3 Considerations When Making A Down Payment One of the challenges you will face when deciding how much money to put down on your new home is whether to put down a larger down payment or to take a bit of money from your down payment and use it to pay “discount points” to lower your interest rate.

There are pros and cons to doing both and each borrower’s situation will be different so it’s important to understand which option is best for your individual need.

Some Factors You Should Consider Include:

  • Cost Of Borrowing – generally speaking, to lower your interest rate will mean you pay a premium. Most lenders will charge as much as one percent (one point) on the face amount of your loan to decrease your mortgage interest rate. Before you agree to pay discount points, you need to calculate the amount of money you are going to save monthly and then determine how many months it will take to recover your investment. Remember, discount points are normally tax deductible so it may be important to talk to your tax planner for guidance.
  • Larger Down Payment Means More Equity – keep in mind, the larger your down payment, the less money you have to borrow and the more equity you have in your new home. This is important for borrowers in a number of ways including lower monthly payments, potentially better loan terms and possibly not having to purchase mortgage insurance depending on how much equity you will have at the time of closing.
  • Qualifying For A Loan – borrowers who are facing challenges qualifying for a loan should weigh which option (discount points or larger down payment) is likely to help them qualify. In some instances, using a combination of down payment and lower rates will make the difference. Your mortgage professional can help you determine which is most beneficial to you.

There is no answer that is right for every borrower. All of the factors that impact your mortgage loan and your overall financial situation must be considered when you are preparing for your home mortgage loan.

Talking with your mortgage professional and where appropriate your tax professional will help you make the decision that is right for your specific situation.

Pitfalls And Warning Signs Of Making A Down PaymentWhen you already have a home, you may be interested in determining if a refinance is a good option. You will not have to worry about restrictions on down payments or some of the problems that can occur with a down payment.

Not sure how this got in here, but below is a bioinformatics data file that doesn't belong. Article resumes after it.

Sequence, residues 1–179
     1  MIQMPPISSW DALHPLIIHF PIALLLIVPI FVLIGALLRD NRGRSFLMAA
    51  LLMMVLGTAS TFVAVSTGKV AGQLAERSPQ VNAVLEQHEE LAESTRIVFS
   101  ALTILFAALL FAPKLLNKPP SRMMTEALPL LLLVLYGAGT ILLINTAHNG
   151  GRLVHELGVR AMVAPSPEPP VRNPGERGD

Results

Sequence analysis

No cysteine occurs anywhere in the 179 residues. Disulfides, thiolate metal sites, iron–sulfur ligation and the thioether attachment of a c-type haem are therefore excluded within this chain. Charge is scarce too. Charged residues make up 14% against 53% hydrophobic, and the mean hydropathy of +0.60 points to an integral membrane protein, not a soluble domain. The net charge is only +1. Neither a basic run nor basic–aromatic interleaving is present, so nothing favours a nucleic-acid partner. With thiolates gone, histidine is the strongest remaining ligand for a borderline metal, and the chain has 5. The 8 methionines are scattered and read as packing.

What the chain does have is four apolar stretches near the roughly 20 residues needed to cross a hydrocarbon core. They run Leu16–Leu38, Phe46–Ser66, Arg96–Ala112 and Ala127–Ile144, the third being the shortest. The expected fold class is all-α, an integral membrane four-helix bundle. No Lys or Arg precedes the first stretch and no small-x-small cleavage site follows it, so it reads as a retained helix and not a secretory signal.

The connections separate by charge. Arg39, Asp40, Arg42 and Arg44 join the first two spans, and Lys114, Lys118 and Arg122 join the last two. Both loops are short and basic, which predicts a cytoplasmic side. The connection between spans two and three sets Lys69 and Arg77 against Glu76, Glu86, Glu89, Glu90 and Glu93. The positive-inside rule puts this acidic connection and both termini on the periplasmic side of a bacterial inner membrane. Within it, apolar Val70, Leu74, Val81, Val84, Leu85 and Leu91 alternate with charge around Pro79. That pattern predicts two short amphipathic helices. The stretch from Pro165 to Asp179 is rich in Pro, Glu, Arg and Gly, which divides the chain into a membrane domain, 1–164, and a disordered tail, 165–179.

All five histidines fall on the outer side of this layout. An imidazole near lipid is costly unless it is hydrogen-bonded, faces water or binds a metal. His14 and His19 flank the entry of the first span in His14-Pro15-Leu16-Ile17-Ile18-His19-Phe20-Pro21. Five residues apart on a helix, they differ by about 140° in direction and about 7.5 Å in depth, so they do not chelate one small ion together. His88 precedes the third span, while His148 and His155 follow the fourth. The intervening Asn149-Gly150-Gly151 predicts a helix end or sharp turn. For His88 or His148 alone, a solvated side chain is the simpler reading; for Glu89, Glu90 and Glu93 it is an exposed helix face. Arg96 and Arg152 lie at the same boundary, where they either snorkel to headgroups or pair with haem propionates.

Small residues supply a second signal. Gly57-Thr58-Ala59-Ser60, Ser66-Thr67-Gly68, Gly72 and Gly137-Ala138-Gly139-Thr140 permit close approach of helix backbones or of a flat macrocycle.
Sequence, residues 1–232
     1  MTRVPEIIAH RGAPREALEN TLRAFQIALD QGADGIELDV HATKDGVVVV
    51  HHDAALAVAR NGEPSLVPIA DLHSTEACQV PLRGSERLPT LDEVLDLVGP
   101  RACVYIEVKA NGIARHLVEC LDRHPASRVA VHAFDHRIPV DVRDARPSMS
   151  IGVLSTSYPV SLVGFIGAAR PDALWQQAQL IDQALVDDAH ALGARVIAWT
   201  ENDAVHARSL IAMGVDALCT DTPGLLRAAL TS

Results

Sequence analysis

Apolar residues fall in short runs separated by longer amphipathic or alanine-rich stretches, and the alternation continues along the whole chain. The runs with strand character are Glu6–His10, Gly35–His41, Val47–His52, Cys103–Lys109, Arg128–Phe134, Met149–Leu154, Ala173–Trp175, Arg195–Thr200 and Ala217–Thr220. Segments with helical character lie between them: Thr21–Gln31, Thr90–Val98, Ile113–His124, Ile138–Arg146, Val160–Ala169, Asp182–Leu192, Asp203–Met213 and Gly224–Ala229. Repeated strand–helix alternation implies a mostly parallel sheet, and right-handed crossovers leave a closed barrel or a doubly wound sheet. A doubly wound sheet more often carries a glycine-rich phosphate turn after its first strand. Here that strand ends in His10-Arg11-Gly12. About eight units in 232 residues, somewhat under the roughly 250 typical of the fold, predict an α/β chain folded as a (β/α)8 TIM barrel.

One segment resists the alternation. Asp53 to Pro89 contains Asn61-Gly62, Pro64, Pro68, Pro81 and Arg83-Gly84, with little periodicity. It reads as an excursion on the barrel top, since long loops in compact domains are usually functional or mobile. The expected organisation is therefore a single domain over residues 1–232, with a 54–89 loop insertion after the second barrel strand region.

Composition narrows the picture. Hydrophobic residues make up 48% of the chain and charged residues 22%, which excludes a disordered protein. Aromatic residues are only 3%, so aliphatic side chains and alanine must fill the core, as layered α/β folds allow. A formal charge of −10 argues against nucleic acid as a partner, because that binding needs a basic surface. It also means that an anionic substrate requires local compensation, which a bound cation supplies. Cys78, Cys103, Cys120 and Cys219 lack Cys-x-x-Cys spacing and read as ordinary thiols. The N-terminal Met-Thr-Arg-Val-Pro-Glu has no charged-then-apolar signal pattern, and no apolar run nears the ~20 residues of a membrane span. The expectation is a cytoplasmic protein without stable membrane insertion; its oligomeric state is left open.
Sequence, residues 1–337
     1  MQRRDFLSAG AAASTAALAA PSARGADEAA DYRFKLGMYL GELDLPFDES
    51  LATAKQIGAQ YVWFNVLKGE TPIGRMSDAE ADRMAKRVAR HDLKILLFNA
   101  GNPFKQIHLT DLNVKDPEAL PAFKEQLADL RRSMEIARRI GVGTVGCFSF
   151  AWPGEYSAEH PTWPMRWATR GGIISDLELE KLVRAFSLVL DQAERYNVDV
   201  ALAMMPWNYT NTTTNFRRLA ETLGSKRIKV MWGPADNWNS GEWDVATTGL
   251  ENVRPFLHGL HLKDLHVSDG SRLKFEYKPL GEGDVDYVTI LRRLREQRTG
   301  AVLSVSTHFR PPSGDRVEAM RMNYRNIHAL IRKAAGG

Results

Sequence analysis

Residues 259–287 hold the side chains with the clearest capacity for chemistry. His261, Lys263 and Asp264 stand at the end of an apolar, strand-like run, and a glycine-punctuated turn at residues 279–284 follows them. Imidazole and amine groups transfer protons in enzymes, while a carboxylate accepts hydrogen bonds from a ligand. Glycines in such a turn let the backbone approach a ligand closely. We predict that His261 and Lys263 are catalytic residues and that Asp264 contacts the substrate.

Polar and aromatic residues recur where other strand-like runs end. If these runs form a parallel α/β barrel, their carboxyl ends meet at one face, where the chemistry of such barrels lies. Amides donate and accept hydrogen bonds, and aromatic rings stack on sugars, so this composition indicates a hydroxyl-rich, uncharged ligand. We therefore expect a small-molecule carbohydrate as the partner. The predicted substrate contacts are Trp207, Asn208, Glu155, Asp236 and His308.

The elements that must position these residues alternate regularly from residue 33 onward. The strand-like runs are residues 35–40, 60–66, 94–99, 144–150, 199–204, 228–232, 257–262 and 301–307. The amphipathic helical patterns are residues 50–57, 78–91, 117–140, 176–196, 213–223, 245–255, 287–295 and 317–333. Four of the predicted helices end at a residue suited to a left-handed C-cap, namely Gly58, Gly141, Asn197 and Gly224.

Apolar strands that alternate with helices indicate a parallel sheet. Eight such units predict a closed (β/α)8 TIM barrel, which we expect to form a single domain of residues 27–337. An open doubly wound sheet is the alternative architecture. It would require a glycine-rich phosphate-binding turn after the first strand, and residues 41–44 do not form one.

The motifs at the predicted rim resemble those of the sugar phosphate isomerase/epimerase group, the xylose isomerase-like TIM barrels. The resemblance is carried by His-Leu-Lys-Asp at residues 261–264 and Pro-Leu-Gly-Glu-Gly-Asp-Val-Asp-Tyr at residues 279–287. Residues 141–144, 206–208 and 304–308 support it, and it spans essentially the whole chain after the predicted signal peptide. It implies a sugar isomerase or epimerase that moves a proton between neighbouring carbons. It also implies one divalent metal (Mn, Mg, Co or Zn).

However, if you are considering purchasing a home in or the surrounding communities, understanding down payment restrictions is important.

Gifting Of A Down Payment

There are some programs that will allow you to use a gift for your home down payment. However, before you assume this, make sure you talk to your loan officer. Generally speaking, the lender will require the person making the gift to provide a letter stating the money was a gift and does not require repayment.

Windfalls Of A Down Payment

When people hit the lottery or come into money through an inheritance, one of the first things they may consider is buying a new home. However, it is important to keep in mind that lenders will typically want to know exactly how you came up with your down payment.

Borrowers still need to show a “trail” of how they came into money. If your down payment amount has not been “seasoned” the lender may not accept your loan.

What Is A Seasoned Down Payment?

Generally speaking, your loan officer will want a “paper trail” to document your down payment. Most lenders require down payment funds to be at a minimum six months old.

For example, let’s assume a borrower did win the lottery: If they deposit the funds into their checking account and leave it there for six months or more, the funds would be considered seasoned.

Lender restrictions on down payment funds are fairly common. If you are uncertain if your funds meet the lender’s criteria, talk to your loan officer. In most cases, a lender will require at least one-half your down payment fall into the category of seasoned funds.

Some borrowers may use their retirement account or other savings to make their home down payment.

Don’t wait until the last minute to discuss your down payment with your loan officer because you may wind up disappointed. Keep in mind, every lender has different requirements and these rules may not apply to your lender.

4 Tips To Save For That Down Payment In order to save up a huge amount of cash for the down payment on your first mortgage, you need a solid savings plan!

When you take out a mortgage on your new home as a first time homebuyer, the more you can pay as a down payment the better. The down payment on a mortgage reduces the principle of the loan and means that you will be paying tens of thousands less in interest payments over the life of the loan.